U.S. Rep. Dean Phillips (D-Minn.) says President Joe Biden is too old to be the party’s nominee, he is putting the White House at risk, and Democrats are “sleepwalking” into another 2016. Polls show many Granite State Democrats agree.
But can Phillips, a virtual unknown in New Hampshire politics, turn that common viewpoint into votes in the First in the Nation primary? Or will he get nothing more than the Granite State version of “Minnesota Nice,” with Democrats politely dismissing his candidacy?
Phillips has decided to find out. His campaign bus was seen around New Hampshire Thursday, and he sent a text message inviting voters to join him at the State House “for this momentous event” when he files his declaration of candidacy. And while Biden tried to strip the Granite State of its front-of-the-line status, Phillips has embraced what he calls “the very important and sacred Democratic primary.”
Pundits have long speculated Biden’s attempt to end the First in the Nation primary would be enough to deliver a win in the Democratic primary to a serious challenger. However, New Hampshire polls have consistently shown Granite State Democrats are split on the importance of keeping their special primary status.
Perhaps more significant is a new Gallup poll released Thursday showing Biden’s approval rating tied with its all-time low of 37 percent. His support among Democrats is also at a record low of 75 percent. That is one reason some Democrats say privately a primary challenge is a good thing. If Biden isn’t up to another grueling campaign, better to find out before the Democratic National Convention in August.
Phillips, 54, is a moderate Democrat who won a suburban Minneapolis congressional district from a Republican in 2018. Before that, he was a successful businessman who ran a liquor business (Phillips peppermint schnapps) and turned Talenti into a successful gelato company that he sold to Unilever in 2014.
His father, Artie Pfefer, was killed serving in Vietnam when Phillips was just six months old.
Most significant is that Phillips is worth an estimated $77 million, giving him the resources to get his message to Granite State Democrats between now and the likely primary date of January 23. But will they listen?
State Rep. Steve Shurtleff (D-Penacook), a former speaker of the House, has been a longtime Biden supporter. But he told NHJournal he was unsure what he would do in the wake of the president’s New Hampshire snub.
“I haven’t made a final decision about whether I’ll be supporting Rep. Phillips or not. The only thing I can tell you is that I always have and always will support our first in the nation primary.”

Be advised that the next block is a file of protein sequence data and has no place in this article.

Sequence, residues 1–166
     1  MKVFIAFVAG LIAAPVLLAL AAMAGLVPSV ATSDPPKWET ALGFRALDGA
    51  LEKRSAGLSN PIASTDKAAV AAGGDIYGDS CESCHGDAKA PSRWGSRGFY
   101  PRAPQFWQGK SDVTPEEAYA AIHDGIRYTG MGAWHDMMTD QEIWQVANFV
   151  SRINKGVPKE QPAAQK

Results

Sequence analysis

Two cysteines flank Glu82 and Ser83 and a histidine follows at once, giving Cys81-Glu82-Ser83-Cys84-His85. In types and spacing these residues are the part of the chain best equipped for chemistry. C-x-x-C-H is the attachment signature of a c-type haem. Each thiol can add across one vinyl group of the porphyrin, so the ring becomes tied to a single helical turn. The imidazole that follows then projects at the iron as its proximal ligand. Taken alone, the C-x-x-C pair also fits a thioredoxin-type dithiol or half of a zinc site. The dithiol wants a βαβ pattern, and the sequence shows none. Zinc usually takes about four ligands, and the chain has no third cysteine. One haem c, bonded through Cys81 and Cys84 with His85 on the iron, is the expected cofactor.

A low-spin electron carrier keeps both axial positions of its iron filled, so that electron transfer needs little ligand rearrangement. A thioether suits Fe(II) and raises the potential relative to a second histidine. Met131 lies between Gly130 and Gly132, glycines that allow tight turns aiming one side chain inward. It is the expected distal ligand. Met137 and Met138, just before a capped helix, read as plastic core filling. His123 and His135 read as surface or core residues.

Cullen Tiernan, political director for SEIU Local 1984, said he was “certainly open to hearing what Phillips has to say and appreciate anyone who makes it up here to New Hampshire.”
And North Country Democratic activist Ted Bosen said he would be happy to help Phillips meet Granite State voters.
“The fact that he believes, as I do, that it’s healthy to have a Democratic presidential primary in New Hampshire — and he agrees we should retain our First in the Nation status — makes him more than welcome, in my opinion. The idea that the incumbent should be anointed should be abhorrent to every Democrat.”
That was a very different message from state party leaders who have decided to choke down Biden’s humiliating treatment and still champion his candidacy in the same primary he tried to kill.
Democratic state party Chairman Ray Buckley is declaring the president will still win the primary via a write-in effort, no matter what.
“Our phone is ringing off the hook by folks wanting to get involved in the write-in,” he told The Messenger.
Sens. Maggie Hassan and Jeanne Shaheen have pledged to work hard for a Biden victory in New Hampshire despite his high-profile diss of the two Democrats. Some critics have bemoaned the fact that the two senators refused to use their influence in a 51-49 U.S. Senate to push back against Biden’s assault on the Granite State primary. Buckley dismissed the notion of New Hampshire’s delegation confronting Biden in defense of the primary.
“It would be so out of character that I would probably be the most astonished person on Earth,” Buckley told Politico earlier this year.
Phillips is hardly an anti-Biden bomb thrower. He has voted with Biden 100 percent of the time on key issues and has limited his criticism to concerns about the president’s age and infirmity.
“I think the Third District is very representational of a majority of the country, which is, we don’t want to see Donald Trump become president; we wish there were alternatives to Joe Biden because we have concerns about him,” Phillips said.
On issues, New Hampshire Democrats and independent moderates will hear a lot they like. Phillips supports term limits and opposes Sen. Bernie Sanders’ “Medicare For All” approach to healthcare. In 2020, he endorsed fellow Minnesota moderate Sen. Amy Klobuchar for president.
And how is Phillips’ POTUS run playing back home? Ana Radelat, who covers politics for MinnPost.com, told the NHJournal podcast some Minnesota Democrats are angry — one state legislator said Phillips should resign from Congress — but most appear to be shrugging it off.
“People are kind of saying, ‘Let Dean be Dean.’ Let him do his thing. They don’t think it’s going to hurt the president,” Radelat said. “Others [in Washington, D.C.] have differing opinions. But in Minnesota, the thought is that this quixotic presidential bid won’t hurt Biden. He’ll flame out soon enough and disappear.”